The inventor of the present invention has realised that there are difficulties involved in applying GPS directly to bandwidth allocation in a UMTS network, as GPS assumes that data can be sent on the MAC entity logical channels in infinitely small blocks. This is not possible in UMTS, as UMTS relies upon Transport Format Combinations Sets (TFCSs) as the basic mechanism defining how much data can be sent in each transmission time interval. If GPS is to be employed in UMTS, it is necessary to select the TFC (from the TFCS) which most closely matches the bandwidth allocated to an input flow by GPS. The result of this approach is that the actual amount of data sent for an input stream in a given frame may fall below the optimised rate or may exceed that optimised rate. In the former case, a backlog of unsent data may build up for the input flow.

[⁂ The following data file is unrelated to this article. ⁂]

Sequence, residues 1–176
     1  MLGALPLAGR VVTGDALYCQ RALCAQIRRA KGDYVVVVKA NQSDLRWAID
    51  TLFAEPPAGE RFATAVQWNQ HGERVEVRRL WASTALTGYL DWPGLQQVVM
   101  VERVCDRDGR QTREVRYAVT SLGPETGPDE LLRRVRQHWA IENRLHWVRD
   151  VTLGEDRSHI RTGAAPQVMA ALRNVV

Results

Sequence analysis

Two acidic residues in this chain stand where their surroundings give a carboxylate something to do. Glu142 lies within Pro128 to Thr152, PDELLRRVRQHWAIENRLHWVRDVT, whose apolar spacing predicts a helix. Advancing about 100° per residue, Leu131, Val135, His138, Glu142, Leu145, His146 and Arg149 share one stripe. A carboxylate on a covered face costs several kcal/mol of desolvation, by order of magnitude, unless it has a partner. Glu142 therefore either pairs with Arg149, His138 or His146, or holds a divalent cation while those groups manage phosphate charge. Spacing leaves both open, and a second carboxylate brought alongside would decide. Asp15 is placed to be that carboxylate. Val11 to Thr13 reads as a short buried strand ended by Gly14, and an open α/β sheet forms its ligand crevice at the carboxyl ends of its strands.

It is an object of the present invention to overcome or at least mitigate the disadvantage noted in the proceeding paragraph. This and other objects are achieved at least in part by maintaining a backlog counter which keeps track of the backlog of unsent data for a given input flow to the MAC entity. The backlog is taken into account when determining an appropriate TFC for that input flow for a subsequent frame.

According to a first aspect of the present invention there is provided a method of allocating transmission resources at a Media Access Control (MAC) entity of a node of a Universal Mobile Telecommunications System (UMTS), the method comprising for each frame of an output data flow: